With a $53 million project nearing completion through one of the most congested parts of Highway 101, the stage is being set for what Ed Sullivan might have called “the really big show.”
Business travelers and consumers already are reaping the benefits of the initial phase of the 101 upgrade — adding additional lanes from the Hot Springs to Garden Street exits on the east side of Santa Barbara. Up next is a series of multi-year projects that will create a bigger and better 101 for decades to come. They include:
• Widening and rebuilding the bridge across the Santa Maria River to speed the flow of commerce between North Santa Barbara County and San Luis Obispo.
• High-occupancy vehicle lanes that will widen the 101 though Carpinteria and surrounding communities.
• A rebuilding of the freeway through La Conchita to complete a six-lane configuration all the way to the Ventura County line.
• Incremental improvements to speed traffic flow through south San Luis Obispo county.
The total bill for these projects is $500 million or more, but if time is money — and rest assured it is — the benefits for travelers on the business backbone of our region will be enormous.
Indeed, during the past decade, the improvements on the 101 mean that this is not your father’s freeway. Most recently, in East Ventura County through Calabasas, widening projects have dramatically increased the highway’s capacity.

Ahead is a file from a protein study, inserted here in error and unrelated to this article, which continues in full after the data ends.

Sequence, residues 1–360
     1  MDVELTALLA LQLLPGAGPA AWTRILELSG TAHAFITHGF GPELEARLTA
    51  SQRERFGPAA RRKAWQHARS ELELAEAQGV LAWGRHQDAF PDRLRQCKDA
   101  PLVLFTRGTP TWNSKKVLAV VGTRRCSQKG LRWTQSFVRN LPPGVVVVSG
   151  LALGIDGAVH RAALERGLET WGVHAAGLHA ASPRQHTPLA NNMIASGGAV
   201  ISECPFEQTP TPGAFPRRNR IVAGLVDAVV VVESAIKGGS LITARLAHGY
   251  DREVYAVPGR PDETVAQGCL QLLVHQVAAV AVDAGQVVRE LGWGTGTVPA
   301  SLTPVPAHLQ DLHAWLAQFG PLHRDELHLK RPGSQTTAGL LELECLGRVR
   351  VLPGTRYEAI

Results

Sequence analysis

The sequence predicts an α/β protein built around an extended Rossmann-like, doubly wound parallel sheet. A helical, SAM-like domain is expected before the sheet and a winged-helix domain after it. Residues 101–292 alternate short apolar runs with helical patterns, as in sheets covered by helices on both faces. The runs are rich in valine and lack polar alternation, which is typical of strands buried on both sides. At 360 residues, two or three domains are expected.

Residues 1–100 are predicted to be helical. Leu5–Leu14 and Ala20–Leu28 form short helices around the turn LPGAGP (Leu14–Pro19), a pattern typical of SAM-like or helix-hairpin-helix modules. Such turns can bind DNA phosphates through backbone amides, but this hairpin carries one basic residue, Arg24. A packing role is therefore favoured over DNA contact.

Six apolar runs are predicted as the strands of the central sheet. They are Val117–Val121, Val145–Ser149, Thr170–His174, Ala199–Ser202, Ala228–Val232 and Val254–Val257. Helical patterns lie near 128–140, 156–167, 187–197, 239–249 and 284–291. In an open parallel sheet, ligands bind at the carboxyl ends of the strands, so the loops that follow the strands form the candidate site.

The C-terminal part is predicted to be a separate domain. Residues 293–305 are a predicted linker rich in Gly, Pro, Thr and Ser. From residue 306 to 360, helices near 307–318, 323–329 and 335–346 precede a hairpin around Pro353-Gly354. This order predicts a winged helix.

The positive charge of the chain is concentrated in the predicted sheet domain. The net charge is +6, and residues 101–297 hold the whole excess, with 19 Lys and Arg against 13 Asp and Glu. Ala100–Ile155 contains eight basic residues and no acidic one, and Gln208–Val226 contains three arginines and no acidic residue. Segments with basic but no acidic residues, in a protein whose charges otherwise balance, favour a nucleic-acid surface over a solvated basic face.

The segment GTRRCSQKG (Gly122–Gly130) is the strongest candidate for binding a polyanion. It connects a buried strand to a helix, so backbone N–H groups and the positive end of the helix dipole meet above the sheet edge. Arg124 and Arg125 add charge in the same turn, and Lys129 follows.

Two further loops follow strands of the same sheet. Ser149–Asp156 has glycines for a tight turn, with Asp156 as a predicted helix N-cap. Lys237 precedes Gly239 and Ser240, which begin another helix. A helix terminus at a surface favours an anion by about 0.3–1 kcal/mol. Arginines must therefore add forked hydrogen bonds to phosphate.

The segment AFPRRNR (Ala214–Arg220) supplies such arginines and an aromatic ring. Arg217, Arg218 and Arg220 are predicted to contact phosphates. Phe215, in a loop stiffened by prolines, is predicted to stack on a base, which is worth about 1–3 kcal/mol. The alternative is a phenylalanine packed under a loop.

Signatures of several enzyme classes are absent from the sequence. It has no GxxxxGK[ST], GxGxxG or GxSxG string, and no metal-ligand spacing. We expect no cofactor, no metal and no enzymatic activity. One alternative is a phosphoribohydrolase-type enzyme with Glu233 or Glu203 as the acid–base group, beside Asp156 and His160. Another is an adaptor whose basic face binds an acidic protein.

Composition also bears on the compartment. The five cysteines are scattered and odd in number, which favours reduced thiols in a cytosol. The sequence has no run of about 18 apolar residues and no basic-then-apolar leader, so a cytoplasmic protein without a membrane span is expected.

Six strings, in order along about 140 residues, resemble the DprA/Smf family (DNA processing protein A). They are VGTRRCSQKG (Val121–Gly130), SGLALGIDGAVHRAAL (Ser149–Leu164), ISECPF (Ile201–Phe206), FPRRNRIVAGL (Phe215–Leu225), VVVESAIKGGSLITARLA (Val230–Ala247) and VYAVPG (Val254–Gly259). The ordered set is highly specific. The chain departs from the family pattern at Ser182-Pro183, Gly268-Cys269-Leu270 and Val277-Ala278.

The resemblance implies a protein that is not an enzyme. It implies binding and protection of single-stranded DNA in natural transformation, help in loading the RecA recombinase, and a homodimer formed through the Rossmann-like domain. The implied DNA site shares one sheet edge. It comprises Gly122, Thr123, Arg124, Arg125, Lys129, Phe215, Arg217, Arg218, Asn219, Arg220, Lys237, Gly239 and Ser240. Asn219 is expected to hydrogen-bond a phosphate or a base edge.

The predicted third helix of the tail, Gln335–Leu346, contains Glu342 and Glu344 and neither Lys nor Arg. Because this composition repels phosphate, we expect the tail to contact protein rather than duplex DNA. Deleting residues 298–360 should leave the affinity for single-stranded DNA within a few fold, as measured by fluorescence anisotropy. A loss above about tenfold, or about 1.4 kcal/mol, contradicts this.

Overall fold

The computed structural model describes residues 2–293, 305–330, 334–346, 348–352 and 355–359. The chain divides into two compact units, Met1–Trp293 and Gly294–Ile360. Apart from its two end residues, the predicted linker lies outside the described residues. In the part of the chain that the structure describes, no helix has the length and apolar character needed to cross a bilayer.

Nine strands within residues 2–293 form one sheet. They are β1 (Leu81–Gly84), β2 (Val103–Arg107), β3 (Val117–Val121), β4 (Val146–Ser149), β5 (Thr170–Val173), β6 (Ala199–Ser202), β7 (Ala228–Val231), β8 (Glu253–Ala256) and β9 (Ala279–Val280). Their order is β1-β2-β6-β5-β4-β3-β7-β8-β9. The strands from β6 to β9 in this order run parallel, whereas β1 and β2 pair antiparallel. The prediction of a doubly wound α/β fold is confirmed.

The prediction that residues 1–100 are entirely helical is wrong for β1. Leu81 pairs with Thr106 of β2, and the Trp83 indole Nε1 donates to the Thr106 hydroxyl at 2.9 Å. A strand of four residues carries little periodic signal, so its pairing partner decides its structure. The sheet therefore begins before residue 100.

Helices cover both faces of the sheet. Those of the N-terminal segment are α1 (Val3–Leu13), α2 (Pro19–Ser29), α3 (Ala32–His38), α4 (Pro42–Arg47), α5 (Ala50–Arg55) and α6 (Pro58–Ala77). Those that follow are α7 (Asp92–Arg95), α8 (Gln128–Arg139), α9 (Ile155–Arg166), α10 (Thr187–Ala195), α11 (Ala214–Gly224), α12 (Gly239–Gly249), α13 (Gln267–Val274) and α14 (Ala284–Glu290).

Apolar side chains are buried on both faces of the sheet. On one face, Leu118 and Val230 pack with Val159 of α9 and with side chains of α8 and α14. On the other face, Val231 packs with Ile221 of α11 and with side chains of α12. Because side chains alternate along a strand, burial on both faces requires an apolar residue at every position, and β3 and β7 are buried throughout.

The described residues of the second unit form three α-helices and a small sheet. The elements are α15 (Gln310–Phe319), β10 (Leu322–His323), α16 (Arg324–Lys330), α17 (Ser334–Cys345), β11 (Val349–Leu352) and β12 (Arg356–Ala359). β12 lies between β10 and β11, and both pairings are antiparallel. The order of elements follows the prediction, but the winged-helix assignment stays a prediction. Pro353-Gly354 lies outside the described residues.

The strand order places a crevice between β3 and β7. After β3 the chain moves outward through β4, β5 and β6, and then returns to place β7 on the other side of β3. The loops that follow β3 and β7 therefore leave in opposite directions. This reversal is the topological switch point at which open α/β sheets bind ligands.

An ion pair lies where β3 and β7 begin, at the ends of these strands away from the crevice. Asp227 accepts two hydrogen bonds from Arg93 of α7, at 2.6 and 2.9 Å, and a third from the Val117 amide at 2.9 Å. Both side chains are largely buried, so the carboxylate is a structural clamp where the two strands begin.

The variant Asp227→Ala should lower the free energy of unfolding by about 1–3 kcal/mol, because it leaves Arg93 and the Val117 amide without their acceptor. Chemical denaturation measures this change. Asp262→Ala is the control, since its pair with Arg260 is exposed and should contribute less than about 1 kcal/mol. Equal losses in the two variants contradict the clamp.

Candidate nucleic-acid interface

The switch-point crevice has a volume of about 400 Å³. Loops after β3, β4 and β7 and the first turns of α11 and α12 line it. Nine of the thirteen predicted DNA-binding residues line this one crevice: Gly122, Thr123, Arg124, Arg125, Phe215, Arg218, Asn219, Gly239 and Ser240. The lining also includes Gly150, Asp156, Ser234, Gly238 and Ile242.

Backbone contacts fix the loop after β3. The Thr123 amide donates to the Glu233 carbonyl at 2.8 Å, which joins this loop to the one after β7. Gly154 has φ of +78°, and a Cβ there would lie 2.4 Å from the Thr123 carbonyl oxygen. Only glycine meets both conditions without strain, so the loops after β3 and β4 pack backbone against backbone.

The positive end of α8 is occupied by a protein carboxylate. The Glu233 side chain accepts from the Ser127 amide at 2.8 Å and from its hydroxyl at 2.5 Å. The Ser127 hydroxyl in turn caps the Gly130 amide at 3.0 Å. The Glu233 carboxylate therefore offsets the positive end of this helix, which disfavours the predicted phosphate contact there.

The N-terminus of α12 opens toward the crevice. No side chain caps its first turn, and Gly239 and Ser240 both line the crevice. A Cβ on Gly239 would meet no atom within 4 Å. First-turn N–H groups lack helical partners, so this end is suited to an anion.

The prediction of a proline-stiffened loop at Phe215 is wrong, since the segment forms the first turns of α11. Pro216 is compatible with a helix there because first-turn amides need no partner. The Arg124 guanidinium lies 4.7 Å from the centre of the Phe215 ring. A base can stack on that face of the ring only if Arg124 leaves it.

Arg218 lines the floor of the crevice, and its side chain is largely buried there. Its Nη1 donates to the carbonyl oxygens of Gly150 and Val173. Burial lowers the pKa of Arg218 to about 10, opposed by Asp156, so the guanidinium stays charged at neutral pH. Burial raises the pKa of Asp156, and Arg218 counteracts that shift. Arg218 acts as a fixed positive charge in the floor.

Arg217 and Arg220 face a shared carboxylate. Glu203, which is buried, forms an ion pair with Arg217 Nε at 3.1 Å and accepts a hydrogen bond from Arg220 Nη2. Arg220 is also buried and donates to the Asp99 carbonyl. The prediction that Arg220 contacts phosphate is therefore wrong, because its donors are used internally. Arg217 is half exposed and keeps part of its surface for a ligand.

But a look back shows an even more dramatic string of upgrades. In North Santa Barbara County, for example, a freeway widening through Santa Maria has set the stage for the bridge upgrade into San Luis Obispo County.
Stepping back in time, the rebuilding of the Santa Clara River bridge and the Conejo Grade in Ventura County and the Cuesta Grade in San Luis Obispo County were giant steps forward for commerce in the region.
Five hundred million dollars is a lot of money. But when you consider what it will accomplish for trade and commerce, it is a wise investment. In contrast, California’s proposed bullet train, which will largely bypass the Tri-Counties, is a $100 billion investment with dubious benefits.
And in case you are attempting to do the math, $500 million is one-half of one percent of $100 billion. Now that’s something to really ponder.